LDK Solar fails to close debt gap
LDK Solar narrowed its net loss in the third quarter and crowed about improving PV market conditions, but its modestly improved performance left the company a very long way from being in a position to repay its creditors.
LDK, which posted a net loss of $127m for the third quarter, its 10 straight quarterly deficit, simultaneously announced a follow-on “forbearance agreement” with a majority of holders of the bonds for which the Chinese PV manufacturer skipped its interest payments in August.
This time the reprieve is only for two weeks, meaning the interest payments are due again on 10 December.
LDK lost $165.3m during the second quarter of 2013, but its modestly improved third-quarter performance comes amid a significant sweetening in global PV market dynamics.
Several major Chinese PV manufacturers have already returned to profitability, including Trina Solar and JinkoSolar, in addition to Canadian Solar, which performs most of its production in China.
The outlook for LDK continues to look significantly worse than for many of its rivals, and represents something of a black cloud over the Chinese PV sector.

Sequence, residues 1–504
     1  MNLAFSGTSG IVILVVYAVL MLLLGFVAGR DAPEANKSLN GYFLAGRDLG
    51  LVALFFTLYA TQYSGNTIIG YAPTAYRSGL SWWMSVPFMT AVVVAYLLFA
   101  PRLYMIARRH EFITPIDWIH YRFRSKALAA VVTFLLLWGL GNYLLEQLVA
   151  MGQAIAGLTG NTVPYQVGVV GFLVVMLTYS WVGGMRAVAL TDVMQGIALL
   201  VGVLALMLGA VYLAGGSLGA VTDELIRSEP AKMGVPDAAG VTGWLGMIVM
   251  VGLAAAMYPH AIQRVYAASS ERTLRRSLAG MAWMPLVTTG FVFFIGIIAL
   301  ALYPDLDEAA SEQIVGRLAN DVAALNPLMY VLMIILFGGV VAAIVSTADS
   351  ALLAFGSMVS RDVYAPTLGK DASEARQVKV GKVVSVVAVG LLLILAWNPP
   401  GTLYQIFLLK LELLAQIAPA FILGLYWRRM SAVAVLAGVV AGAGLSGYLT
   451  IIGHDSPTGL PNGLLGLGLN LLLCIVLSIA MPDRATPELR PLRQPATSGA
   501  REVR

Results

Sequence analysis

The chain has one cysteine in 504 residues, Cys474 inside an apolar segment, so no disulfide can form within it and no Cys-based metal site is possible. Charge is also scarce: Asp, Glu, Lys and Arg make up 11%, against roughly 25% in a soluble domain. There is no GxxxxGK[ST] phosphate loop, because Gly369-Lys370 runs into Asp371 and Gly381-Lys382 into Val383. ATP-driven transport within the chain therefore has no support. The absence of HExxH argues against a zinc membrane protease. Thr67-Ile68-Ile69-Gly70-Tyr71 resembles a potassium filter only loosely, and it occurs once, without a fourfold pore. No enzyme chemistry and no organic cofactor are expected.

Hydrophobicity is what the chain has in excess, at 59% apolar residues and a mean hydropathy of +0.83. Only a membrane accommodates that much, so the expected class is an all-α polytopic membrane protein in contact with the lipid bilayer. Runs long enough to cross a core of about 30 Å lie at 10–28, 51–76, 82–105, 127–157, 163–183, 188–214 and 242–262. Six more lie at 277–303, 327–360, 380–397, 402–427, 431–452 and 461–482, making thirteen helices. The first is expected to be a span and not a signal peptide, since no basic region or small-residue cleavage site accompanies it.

The company, which started as a wafer maker before diversifying both up- and downstream, reported an operating loss of $77.5m during the third quarter, and a gross margin of negative 24%.
Trina, in contrast, posted an operating profit of $6m and a positive gross margin of 15.2% during the same quarter.
LDK chief executive Sam Tong insists the company remains committed to finding a “consensual solution” with its creditors.
But with just $156.6m in quarterly revenue set against nearly $2.4bn in short-term debt, it is difficult to see how LDK could possibly regain its financial footing in the absence of a restructuring programme wiping out foreign debt-holders.
Suntech’s collapse is likely to result in a similar outcome for foreign creditors, although the difference there is that Suntech was actually forced into bankruptcy by Chinese banks.
Last week LDK secured a new package of loans with Chinese banks worth 1.56bn ($256m). LDK explicitly stated that that money would be ploughed into expanding and modernizing its Chinese production facilities, rather than paying back its creditors.
“We remain committed to improving our cost structure by driving down production costs, reducing operating expenses and adapting our business to the evolving demand environment,” says chief executive Sam Tong.
LDK has in the past expressed its belief that its future prospects hinge in large part on the successful lift-off of the Chinese solar market.